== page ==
For a few moments on Sept. 8, the name of slain Oak Park and River Forest High School student Elijah Sims got injected into this year’s presidential campaign, but not by any of the main three contenders for the nation’s highest office.

“This is where Elijah was murdered,” said Austin resident Zerlina Smith to Jill Stein, the Green Party’s presidential candidate, as they both walked along Quincy Street with a group of about a half-dozen TV news cameras and reporters who struggled to document the scene without tripping over each other.

Stein was in Austin for what was billed as a “Reality Walk” through the West Side neighborhood. The tour took her past the corner of Quincy and Lotus, where a purple cross marked the place where Sims was shot and killed on Aug. 29 by an unidentified assailant. A teenager with Sims was also shot but survived. Sims died a day later, one day before his 17th birthday.

The crosses are the work of the Oak Park-based New Life Community Church, whose mission is to construct crosses on the site of every fatal shooting in Austin.

Smith, a Green Party organizer, is also a resident and block club president on the block where Sims was murdered last month while visiting friends. Smith said she knew Sims and his mother, Sharita Galloway, from a distance when they still lived in Austin. Galloway moved her family to Oak Park two years ago.

“A lady got shot in the foot at Gladys and Lockwood maybe 40 minutes prior to [Sims’ shooting],” Smith said. “I was sitting on my neighbor’s porch when we heard the gunshots. Me and my 7-year-old daughter walked down there, but by the grace of God, the police were still in the area from the last showing and they made it there quickly. Normally, the police response to gun violence in that area is maybe 15 to 20 minutes.”

“We are a divided nation and we’re an armed nation because we’re afraid of each other,” said Stein, speaking in reference to Sims’ death and its larger symbolism. “There’s a living legacy here [in America] of the institution of slavery because it kind of went from slavery to lynchings to Jim Crow to redlining of communities to mass incarceration to the War on Drugs to police violence. We have this history of racism and the flip side of that is white privilege and white supremacy and it’s hard for us to talk about it.”

Stein referenced several conventional proposals — including tighter gun laws and greater investment in neighborhoods like Austin — that she said would help alleviate some of the problems in the inner cities.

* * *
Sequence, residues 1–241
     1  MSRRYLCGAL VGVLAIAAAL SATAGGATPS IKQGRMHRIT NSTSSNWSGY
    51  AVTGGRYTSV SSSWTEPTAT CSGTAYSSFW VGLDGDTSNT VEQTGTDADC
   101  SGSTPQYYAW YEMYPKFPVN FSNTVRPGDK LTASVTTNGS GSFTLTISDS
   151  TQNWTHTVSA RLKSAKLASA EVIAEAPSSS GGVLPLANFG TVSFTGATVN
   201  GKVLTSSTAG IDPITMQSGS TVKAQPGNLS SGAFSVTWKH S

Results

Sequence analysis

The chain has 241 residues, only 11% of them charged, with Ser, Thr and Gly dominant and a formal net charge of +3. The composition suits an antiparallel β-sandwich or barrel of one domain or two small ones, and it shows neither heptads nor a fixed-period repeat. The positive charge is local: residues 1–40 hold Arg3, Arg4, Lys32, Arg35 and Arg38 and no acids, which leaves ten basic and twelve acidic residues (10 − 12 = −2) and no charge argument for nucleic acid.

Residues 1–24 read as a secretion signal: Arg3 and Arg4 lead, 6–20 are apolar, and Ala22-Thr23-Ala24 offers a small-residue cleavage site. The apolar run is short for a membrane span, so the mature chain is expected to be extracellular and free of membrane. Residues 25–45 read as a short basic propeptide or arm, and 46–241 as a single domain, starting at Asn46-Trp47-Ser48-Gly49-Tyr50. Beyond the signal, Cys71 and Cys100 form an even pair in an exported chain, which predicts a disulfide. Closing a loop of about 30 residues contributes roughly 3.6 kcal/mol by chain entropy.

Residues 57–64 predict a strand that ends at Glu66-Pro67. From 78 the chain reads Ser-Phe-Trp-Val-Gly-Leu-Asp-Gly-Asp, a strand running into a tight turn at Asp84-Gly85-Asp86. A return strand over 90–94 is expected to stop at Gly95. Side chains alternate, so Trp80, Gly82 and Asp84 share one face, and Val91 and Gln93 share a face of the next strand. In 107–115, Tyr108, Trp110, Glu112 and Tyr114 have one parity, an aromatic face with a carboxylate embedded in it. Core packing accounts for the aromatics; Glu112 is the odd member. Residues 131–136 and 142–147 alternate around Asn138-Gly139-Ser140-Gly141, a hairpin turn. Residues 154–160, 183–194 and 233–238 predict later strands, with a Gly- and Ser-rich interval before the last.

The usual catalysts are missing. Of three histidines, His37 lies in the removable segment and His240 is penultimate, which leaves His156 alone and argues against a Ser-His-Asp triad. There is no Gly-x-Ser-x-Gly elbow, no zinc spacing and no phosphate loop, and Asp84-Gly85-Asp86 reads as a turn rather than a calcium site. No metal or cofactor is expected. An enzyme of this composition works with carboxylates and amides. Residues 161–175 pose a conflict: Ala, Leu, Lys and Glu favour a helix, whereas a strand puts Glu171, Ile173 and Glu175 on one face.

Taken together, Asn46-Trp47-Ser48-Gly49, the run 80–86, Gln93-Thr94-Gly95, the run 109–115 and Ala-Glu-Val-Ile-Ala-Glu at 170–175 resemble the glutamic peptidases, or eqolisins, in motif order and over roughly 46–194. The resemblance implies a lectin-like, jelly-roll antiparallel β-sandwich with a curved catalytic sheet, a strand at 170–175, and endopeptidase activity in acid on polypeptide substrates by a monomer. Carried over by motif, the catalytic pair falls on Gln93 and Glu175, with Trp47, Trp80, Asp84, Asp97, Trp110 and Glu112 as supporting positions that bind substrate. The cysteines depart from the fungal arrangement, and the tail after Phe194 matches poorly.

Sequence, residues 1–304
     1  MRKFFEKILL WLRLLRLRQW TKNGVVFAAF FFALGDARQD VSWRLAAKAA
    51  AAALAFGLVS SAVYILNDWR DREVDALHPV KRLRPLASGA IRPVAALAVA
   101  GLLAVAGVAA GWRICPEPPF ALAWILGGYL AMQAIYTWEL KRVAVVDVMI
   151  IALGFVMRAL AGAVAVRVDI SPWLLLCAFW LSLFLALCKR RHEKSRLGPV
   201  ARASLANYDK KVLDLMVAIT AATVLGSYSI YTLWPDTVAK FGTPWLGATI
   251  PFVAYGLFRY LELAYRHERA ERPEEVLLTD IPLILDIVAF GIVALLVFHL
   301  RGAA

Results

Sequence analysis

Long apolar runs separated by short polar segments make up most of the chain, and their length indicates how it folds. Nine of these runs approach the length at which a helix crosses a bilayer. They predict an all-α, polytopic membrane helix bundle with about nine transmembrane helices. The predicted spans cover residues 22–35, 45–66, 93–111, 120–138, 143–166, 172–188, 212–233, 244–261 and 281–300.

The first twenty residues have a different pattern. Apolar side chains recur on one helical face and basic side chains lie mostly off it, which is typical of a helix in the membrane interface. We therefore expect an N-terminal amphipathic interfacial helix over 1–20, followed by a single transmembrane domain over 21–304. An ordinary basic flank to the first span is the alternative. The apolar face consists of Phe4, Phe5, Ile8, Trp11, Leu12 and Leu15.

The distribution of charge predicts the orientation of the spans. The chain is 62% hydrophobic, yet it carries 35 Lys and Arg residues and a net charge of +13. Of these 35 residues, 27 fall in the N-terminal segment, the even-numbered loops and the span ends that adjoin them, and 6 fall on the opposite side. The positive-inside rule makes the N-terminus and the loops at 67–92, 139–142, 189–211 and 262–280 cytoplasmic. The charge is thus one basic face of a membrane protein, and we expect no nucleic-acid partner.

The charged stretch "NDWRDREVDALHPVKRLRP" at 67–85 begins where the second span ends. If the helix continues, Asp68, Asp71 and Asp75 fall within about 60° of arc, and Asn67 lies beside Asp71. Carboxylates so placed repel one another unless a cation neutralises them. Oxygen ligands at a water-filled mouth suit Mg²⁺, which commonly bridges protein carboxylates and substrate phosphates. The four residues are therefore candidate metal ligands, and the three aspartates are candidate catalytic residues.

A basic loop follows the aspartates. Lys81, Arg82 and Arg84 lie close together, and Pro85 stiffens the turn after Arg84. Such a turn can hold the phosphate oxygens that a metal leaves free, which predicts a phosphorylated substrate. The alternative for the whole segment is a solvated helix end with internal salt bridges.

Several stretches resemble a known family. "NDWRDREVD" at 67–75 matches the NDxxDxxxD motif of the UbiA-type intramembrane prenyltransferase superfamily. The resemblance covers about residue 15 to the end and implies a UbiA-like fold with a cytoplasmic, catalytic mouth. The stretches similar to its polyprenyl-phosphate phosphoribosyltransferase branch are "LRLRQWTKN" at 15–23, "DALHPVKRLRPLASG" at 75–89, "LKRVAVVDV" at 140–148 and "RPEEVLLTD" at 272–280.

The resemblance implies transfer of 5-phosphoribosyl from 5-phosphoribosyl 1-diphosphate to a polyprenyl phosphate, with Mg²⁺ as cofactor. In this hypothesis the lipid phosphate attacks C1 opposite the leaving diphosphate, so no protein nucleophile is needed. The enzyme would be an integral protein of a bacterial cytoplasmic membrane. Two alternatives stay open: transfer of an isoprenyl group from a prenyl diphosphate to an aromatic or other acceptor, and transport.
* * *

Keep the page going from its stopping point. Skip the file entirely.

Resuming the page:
Other proposals demonstrated her status as a candidate on the margins of conventional politics. They included a Truth and Reconciliation Commission (“so we can actually have a facilitated conversation to rebuild trust and get on the same page”) and for reparations to the African American community (“for the incredible burden that has fallen on your shoulders even though you built this country with your blood, sweat and tears”).

Bob Simpson, an Oak Park resident and Green Party supporter, said he believes the party sees race in a way that few of the other major or minor political parties can. Oak Park, he said, could be something of a testing ground for how Stein’s message might seep into the dominant political debate.

“There are people in Oak Park who share her point of view and who have a vision that goes beyond just the sort of visible border wall that exists here,” Simpson said. “There’s an opportunity for a real alliance to develop that’s more than just holding hands over Austin Boulevard.”

In the meantime, however, Stein and her party’s political significance still registers at barely a whisper across the country. Currently, most national polls show her garnering less than five percent of the vote. According to the Commission on Presidential Debates, third-party candidates need at least 15 percent of the national vote in order to get on the debate stage.

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